Displaying items by tag: Porcupine Bank
Marine scientists from University College Cork have discovered plastic at the bottom of a deep submarine canyon while investigating cold-water coral habitats.
UCC’s Marine Geology Research Group has been investigating cold-water coral habitats in the Porcupine Bank Canyon, some 320km due west of Dingle, on a research expedition led by UCC’s Dr Aaron Lim on board the Marine Institute’s RV Celtic Explorer.
The team had recovered eight novel monitoring stations, called ‘landers’, worth €450,000 and deployed between 700m and 2500m water depth by the Marine Institute’s Remotely Operated Vehicle (ROV) Holland 1 earlier this summer.
The monitoring stations record the speed, temperatures and direction of the currents around these habitats as well as trapping samples of the food, sediments and microplastic being deposited around the corals, to understand conditions and how the corals are coping with changing oceans.
The researchers found plastic in the bottom of one canyon at 2,125m water depth — as deep as ten Eiffel Towers stacked on top of one another.
The reach of human plastic waste is now confirmed as this deep, even 320km offshore.
“It’s always sad to see plastic rubbish in these otherwise pristine habitats. It’s quite incredible that our plastic waste can get this far out and so deep in the oceans,” said Professor Andy Wheeler of UCC, who has pioneered research on cold-water coral mounds offshore of Ireland over the past 20 years.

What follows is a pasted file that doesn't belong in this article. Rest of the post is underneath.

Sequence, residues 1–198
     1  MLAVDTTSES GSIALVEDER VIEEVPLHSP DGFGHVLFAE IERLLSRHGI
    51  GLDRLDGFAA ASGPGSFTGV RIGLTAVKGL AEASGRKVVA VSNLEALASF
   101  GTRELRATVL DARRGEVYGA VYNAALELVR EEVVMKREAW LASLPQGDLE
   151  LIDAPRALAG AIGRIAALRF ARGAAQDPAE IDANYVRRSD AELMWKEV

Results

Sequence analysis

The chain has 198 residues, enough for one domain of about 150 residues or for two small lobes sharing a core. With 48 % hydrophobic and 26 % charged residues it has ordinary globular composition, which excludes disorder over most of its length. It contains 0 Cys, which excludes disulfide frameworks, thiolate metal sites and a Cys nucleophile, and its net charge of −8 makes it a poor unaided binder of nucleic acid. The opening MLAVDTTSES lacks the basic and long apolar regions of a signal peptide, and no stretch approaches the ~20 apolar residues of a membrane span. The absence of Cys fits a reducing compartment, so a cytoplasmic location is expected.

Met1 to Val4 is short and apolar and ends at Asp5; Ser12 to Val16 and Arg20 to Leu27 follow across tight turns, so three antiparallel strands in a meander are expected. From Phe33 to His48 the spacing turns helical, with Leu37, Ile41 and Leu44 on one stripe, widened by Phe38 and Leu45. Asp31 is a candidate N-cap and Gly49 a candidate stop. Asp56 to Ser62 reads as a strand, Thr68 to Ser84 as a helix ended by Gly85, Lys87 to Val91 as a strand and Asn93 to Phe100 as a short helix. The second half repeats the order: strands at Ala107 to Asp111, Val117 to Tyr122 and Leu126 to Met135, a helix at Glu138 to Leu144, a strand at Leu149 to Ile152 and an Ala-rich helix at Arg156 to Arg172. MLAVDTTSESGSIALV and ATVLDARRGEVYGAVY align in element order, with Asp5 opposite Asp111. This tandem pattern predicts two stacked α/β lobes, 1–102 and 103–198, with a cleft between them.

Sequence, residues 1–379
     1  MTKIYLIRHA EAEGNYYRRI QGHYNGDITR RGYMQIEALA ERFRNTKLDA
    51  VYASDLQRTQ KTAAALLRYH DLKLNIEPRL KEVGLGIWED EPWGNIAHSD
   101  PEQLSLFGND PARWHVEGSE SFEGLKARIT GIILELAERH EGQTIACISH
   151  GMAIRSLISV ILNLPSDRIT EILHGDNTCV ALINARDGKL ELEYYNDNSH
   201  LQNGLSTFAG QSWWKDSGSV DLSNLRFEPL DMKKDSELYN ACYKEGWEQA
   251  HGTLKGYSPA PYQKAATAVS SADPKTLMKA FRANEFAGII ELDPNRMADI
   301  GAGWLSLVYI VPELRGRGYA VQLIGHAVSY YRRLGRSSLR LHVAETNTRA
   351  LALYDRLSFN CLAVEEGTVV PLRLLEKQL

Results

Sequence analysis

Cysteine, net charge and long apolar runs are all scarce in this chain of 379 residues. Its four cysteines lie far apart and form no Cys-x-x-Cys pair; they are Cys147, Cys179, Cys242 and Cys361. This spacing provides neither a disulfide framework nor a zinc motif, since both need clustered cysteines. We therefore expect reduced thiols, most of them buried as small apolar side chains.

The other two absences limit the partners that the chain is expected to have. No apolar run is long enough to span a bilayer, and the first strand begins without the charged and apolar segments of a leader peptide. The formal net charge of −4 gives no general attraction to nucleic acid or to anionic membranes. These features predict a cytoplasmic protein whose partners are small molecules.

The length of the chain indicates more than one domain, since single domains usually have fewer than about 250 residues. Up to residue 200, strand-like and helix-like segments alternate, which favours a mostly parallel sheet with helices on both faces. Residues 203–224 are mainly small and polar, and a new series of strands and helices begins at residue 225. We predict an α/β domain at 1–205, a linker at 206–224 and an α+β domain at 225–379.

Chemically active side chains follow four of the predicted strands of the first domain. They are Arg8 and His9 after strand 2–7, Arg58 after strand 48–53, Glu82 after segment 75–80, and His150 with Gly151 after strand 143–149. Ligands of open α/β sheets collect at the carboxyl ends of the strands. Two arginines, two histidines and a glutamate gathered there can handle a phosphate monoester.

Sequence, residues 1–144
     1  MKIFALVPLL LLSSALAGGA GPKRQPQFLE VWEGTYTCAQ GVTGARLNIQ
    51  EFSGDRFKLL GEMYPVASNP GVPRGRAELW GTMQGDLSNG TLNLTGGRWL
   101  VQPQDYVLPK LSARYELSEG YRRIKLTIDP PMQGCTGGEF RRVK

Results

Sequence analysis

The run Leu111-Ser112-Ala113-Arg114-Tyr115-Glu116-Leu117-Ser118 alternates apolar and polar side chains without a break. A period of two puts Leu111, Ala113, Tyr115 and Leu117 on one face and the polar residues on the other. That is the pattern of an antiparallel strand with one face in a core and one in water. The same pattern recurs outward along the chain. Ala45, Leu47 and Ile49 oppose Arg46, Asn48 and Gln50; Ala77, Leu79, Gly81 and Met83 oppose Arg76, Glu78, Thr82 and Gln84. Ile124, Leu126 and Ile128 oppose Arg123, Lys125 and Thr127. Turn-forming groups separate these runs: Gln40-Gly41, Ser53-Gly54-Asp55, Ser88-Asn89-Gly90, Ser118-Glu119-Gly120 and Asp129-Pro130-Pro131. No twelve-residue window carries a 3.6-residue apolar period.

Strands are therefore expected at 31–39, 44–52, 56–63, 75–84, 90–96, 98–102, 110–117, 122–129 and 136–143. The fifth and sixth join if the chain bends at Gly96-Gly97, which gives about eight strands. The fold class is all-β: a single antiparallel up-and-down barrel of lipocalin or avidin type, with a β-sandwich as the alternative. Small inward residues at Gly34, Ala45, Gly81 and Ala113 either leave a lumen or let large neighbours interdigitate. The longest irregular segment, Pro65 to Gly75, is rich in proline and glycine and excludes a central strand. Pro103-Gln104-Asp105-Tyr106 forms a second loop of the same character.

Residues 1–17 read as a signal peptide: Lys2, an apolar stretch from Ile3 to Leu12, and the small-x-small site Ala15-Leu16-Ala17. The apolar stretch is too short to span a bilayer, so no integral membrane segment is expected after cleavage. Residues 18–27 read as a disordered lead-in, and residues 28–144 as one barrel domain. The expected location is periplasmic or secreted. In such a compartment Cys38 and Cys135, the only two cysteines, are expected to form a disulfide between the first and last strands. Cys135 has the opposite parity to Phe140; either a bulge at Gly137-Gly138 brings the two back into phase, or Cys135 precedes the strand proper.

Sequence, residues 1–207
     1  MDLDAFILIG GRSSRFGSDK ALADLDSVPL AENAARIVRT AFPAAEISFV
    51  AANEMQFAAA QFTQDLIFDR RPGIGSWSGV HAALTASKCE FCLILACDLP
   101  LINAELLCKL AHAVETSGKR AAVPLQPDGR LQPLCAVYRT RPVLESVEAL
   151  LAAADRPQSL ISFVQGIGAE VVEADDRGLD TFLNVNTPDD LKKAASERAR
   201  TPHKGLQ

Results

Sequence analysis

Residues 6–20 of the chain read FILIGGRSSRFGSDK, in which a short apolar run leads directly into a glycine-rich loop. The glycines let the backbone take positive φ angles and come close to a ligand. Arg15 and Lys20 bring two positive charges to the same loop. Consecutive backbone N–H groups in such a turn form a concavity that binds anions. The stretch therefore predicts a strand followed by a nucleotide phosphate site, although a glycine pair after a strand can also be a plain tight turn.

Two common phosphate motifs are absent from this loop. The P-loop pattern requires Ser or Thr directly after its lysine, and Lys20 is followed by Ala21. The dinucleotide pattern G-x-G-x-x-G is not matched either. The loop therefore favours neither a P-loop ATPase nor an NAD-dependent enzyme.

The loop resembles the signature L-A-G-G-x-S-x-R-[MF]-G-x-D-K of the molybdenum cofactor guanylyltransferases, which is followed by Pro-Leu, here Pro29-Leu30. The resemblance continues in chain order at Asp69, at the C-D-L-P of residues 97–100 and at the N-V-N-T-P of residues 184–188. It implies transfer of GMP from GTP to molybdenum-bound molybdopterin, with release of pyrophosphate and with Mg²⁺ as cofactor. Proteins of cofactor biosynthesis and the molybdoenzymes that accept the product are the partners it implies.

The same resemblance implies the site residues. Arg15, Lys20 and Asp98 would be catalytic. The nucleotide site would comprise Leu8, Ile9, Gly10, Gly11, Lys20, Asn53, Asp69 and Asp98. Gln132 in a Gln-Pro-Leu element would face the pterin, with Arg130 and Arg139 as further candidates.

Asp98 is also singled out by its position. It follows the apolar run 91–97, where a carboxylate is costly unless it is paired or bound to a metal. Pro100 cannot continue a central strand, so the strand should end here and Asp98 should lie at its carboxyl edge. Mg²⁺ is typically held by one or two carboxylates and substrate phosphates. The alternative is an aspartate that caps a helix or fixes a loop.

“I don’t think people think about this when that dump their rubbish. We’re also trying to see if microplastics are being fed to the corals from above. We’ve just got the samples; let’s hope we're wrong.”
The Porcupine Bank Canyon is teeming with a whole range of cold-water coral habitats, just on Ireland’s doorstep, says Dr Lim.
“The environment is much more dynamic than we thought, with two of the monitoring stations knocked over by the currents; food supply for the coral is variable but the corals are doing okay.
“Some of these habitats have existed for millions of years and have grown so large they resemble hills made of coral, called coral mounds.
“This is the first time eight of these monitoring stations have been deployed and collected using the ROV Holland 1. It will provide scientists with an insight into the processes affecting these cold-water coral habitats, food sources and the impact of microplastics.”
Dr Lim said Ireland’s cold-water coral reefs are found in the cold, dark ocean at water depths of 600m to 1,000m along our continental margin.
“Not only is this expedition vital for understanding these habitats and our impact upon them, it also acts as a baseline to start monitoring how our deep-water habitats here are changing,” he added.
The team has a research agenda which will see them return to the canyon and other habitats alike for a number of years, to monitor the changes in the environment around these habitats. The monitoring stations will be brought back to UCC for detailed analyses.
This research survey is carried out with the support of the Marine Institute, funded under the Marine Research Programme 2014-2020 by the Government to support and promote the Atlantic Ocean Research Alliance, which facilitates common research and knowledge exchange for us to provide healthy, resilient oceans for our future generations.
The survey has also received funding from Science Foundation Ireland, Geological Survey Ireland and UCC.